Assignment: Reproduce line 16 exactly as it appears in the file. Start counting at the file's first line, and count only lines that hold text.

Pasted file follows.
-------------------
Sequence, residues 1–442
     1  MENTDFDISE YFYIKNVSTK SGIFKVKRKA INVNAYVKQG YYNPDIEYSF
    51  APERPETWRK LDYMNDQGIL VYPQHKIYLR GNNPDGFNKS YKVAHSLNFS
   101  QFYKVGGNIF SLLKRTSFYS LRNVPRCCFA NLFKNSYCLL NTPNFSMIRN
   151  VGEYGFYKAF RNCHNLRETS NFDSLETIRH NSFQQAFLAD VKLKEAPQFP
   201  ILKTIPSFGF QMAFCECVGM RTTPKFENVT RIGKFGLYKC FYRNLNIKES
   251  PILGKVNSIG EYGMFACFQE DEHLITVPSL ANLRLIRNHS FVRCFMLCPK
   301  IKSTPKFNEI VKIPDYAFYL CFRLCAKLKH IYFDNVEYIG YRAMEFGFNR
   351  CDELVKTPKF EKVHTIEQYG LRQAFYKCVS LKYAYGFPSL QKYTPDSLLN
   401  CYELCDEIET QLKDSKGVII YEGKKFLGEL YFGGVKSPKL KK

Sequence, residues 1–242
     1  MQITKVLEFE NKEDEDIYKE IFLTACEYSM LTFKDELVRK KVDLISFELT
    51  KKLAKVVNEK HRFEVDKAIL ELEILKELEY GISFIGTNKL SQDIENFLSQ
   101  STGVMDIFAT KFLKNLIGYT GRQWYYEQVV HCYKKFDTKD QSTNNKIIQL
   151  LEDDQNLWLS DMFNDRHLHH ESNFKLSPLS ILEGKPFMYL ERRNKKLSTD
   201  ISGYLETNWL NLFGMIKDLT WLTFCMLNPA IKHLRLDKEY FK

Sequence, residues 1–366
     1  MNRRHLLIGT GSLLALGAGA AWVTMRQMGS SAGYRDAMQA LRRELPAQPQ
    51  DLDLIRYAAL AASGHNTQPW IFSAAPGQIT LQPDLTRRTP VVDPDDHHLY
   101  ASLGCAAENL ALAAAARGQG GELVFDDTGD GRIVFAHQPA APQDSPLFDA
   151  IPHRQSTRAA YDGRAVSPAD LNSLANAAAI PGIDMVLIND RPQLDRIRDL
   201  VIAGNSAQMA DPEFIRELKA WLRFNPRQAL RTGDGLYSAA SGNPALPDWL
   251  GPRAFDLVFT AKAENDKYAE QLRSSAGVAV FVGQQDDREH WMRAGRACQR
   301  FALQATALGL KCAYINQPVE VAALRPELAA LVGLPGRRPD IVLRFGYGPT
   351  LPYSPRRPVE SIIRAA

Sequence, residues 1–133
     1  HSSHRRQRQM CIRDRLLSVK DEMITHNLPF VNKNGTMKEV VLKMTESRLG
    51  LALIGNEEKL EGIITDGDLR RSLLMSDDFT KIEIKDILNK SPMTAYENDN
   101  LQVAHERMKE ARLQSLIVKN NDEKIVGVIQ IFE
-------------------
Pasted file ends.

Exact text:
   201  ISGYLETNWL NLFGMIKDLT WLTFCMLNPA IKHLRLDKEY FK